Remarkable advances in modern healthcare during the past century have improved longevity. However, more than 90 million Americans live with chronic illnesses, and their medical costs account for more than 75 percent of national medical care costs.1,2 The most prevalent chronic illnesses include cardiovascular disease (primarily heart disease and stroke), cancer and diabetes. Physical, psychosocial and financial consequences from the prolonged course of illnesses may result in decreased quality of life for millions of Americans.1,2
However, effective disease management can prevent exacerbation of symptoms and improve individuals' quality of life, lessening the societal burden of lost productivity and increased healthcare costs.3-5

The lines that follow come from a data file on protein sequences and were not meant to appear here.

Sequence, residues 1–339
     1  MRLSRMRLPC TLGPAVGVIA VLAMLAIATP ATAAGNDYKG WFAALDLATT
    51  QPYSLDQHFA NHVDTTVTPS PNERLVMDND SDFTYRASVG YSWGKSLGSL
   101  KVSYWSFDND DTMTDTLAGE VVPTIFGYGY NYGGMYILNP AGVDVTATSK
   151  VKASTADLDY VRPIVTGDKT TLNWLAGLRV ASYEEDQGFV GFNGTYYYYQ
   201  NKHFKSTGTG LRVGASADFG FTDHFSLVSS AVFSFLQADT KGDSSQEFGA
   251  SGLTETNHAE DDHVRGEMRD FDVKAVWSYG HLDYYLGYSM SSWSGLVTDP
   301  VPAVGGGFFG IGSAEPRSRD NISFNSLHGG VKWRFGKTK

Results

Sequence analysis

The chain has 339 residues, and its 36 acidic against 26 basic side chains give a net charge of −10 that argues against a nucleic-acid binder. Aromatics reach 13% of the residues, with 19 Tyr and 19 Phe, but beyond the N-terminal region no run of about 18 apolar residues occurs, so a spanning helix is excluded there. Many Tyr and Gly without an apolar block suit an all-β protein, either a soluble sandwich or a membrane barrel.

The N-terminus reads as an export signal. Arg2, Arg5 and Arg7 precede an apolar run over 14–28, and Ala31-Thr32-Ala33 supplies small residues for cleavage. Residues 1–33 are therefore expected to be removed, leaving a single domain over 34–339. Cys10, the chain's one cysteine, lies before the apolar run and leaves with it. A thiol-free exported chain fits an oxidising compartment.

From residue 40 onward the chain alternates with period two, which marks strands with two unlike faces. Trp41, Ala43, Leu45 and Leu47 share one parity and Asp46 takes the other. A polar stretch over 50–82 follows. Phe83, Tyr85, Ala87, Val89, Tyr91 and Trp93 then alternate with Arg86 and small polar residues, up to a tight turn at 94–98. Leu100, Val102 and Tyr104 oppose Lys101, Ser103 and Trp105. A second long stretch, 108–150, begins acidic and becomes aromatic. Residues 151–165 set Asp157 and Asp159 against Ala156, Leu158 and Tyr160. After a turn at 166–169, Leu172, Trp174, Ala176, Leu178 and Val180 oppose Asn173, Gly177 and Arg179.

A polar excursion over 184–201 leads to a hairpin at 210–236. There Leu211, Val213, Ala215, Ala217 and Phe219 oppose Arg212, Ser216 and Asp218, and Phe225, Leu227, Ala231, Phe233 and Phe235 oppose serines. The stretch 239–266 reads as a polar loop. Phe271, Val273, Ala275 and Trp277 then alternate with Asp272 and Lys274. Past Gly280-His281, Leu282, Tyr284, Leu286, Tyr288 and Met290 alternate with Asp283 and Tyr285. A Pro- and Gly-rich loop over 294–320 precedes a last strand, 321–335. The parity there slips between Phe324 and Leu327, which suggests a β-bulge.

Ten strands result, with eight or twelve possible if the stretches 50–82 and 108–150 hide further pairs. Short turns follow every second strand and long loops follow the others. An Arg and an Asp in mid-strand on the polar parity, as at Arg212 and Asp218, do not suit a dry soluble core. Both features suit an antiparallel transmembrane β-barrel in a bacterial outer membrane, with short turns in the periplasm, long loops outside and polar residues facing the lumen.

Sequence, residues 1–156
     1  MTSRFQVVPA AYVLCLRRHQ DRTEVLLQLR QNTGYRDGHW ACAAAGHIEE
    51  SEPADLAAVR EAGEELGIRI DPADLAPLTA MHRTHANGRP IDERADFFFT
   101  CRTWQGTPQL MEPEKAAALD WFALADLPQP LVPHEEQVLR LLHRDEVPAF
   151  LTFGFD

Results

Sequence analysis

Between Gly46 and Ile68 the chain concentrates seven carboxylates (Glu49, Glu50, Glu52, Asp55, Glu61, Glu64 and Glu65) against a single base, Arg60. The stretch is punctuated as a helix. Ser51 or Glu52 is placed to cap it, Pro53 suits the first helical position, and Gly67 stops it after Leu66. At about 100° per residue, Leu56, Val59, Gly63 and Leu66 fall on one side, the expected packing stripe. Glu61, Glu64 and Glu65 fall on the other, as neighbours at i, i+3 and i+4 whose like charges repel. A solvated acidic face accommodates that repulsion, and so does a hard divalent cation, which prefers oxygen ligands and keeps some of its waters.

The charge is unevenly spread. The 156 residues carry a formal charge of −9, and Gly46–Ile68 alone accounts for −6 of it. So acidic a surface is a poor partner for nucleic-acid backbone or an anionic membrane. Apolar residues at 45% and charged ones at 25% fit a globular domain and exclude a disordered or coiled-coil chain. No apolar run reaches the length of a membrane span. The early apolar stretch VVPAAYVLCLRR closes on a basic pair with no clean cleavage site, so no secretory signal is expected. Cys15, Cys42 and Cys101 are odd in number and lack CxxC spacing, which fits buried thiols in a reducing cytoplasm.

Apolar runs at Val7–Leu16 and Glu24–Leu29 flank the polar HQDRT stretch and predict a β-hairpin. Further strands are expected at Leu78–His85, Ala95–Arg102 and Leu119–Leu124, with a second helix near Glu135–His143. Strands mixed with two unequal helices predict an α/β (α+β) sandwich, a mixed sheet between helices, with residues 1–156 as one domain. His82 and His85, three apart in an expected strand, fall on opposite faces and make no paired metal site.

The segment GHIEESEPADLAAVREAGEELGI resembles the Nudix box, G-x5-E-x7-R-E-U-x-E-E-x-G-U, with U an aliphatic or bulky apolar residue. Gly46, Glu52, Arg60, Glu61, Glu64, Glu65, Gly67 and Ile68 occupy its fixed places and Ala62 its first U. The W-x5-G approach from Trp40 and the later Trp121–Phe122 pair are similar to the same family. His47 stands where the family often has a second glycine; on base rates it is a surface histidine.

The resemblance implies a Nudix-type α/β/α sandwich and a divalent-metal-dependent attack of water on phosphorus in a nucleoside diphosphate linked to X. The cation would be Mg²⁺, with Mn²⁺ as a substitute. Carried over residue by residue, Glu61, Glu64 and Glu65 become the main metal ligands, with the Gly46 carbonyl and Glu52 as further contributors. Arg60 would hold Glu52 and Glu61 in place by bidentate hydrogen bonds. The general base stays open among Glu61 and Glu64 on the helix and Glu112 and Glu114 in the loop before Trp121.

Recent advances in information and communication technology (ICT) have transformed healthcare dramatically and offer a great potential to improve the disease management process.6-8 In fact, various technologies (e.g., telemonitoring devices and video consultation) already have been used for tele-disease management, and healthcare professionals and organizations are making great efforts to improve the efficiency and outcomes of the technologies.9-11
Nurses always have been at the forefront in managing chronic illnesses using telehealth. Examples of this include home telehealth and tele-heart failure management programs coordinated by nurses.12,13